As for the Bill situation, the most generous reading here is that you started prattling on about how super-psyched you were to go out with Bill. Sarah, seeing your excitement and not wanting to upset you, kept the news of her own rendezvous with Bill under wraps. I doubt she was “getting off” on the secret of her own date so much as she found the subject uncomfortable—not least because she liked Bill, too. But I’m curious as to why you say that if you knew Sarah had liked the guy, you wouldn’t have gone on a date with him. Is that really true? Or are you saying that you expected her to have canceled her movie/dinner plans when she heard about yours?
In any case, since you don’t mention a single positive quality of Sarah’s, you ought let the friendship die a second and final death. I can tell by your use of quotes around “great favor” that you believe if she were a real friend, she would have offered you a place in her house for free. In short, you’ve answered your own question.
Friend or Foe
Dear Friend or Foe,
Four years ago, when I was a senior in high school, I started dating “Chris,” the brother of my friend “Matt.” It turned into a physically abusive relationship in which I felt trapped. All of my closest friends—including my best friend since preschool, “Tina”—knew I was unhappy. But they didn’t know about the abuse. I ended up being hospitalized for three days. Once I was discharged, I immediately ended things with Chris and told my closest friends, including Tina and Matt, what had happened.
Matt said his brother would never do that, and the revelation ended our friendship. Tina was very supportive and said all the things a good friend would say. But that support lasted a month. I found out that Tina had decided to be friends with Chris again, and Chris started hanging out with other friends of mine, too. I felt compelled to pull away from all of them. Tina blamed the demise of our friendship on me, saying that I had changed. I haven’t spoken to her or seen her or Matt in four years, but I still feel betrayed, hurt, pissed off, and sad. I’ve since made new friends and even have an awesome best friend. I also went to therapy to deal with the fallout from having been in an abusive relationship. But I can’t seem to shake my bad feelings about Tina. Should I write her an e-mail? Do nothing?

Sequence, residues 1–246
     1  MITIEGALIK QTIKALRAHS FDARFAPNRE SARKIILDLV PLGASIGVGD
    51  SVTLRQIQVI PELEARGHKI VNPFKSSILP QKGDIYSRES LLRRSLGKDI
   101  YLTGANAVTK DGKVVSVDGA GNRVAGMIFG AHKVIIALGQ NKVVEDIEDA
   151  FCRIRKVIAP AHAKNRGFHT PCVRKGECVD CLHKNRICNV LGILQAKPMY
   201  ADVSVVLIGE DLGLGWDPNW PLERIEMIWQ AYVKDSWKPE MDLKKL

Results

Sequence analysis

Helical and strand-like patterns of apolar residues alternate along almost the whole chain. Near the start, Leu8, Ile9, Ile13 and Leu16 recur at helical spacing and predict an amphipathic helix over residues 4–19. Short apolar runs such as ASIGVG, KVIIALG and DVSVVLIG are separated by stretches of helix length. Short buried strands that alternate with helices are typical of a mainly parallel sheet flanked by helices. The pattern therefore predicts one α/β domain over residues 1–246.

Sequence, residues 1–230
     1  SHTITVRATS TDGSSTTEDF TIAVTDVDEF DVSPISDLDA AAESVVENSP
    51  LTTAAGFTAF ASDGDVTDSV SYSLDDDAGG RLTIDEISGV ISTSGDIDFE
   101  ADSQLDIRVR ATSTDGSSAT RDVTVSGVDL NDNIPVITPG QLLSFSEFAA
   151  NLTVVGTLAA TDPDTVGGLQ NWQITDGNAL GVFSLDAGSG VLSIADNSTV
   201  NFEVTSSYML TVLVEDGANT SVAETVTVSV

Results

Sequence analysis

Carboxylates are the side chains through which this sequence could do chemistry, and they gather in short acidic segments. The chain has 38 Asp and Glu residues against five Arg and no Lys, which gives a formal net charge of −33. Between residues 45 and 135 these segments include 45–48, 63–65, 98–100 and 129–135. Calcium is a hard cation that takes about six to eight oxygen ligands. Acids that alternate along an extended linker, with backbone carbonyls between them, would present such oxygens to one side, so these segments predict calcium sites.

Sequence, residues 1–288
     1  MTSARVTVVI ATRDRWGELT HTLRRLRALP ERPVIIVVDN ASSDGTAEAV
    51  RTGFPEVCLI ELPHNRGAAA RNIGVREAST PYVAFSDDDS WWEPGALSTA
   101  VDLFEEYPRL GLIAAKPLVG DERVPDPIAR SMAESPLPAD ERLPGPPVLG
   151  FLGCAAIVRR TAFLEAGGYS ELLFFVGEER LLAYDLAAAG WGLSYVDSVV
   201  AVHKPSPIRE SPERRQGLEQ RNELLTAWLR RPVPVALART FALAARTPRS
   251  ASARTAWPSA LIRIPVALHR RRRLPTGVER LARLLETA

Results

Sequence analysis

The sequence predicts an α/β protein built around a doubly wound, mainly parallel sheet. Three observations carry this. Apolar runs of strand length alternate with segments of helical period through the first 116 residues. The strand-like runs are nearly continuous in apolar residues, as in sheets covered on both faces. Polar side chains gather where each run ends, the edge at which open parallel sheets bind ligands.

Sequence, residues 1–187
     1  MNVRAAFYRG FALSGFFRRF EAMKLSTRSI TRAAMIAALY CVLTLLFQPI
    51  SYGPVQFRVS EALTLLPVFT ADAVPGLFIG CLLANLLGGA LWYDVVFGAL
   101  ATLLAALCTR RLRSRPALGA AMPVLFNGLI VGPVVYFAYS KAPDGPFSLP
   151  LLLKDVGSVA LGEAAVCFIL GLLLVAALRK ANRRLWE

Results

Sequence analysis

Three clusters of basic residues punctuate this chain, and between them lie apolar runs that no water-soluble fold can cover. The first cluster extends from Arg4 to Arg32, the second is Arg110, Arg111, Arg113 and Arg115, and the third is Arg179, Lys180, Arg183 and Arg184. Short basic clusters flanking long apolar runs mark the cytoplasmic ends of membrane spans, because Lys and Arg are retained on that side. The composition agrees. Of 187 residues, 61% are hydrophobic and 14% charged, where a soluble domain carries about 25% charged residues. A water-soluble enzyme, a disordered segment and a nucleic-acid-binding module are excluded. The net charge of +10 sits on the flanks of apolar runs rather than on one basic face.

Betrayed, Hurt, and Pissed
I’m sorry you had to experience such a traumatic series of events at such an early age. Life isn’t the Mafia, but I think you were probably asking for the impossible when you expected Matt to turn against his own brother. Tina is a different story. I’m sure it felt like a second blow to watch your best friend since the Barbie-doll era effectively siding with Ken instead of you. If, four years later, you’re still seething over the matter, I don’t see why you shouldn’t send her a letter telling her how betrayed you felt. You might point out that while everyone deserves a second shot, by inviting Chris back into the friendship fold almost immediately after learning that he’d abused you, she was effectively sanctioning his behavior. In that sense, she was a bad friend—not just to you but to all women.
Friend or Foe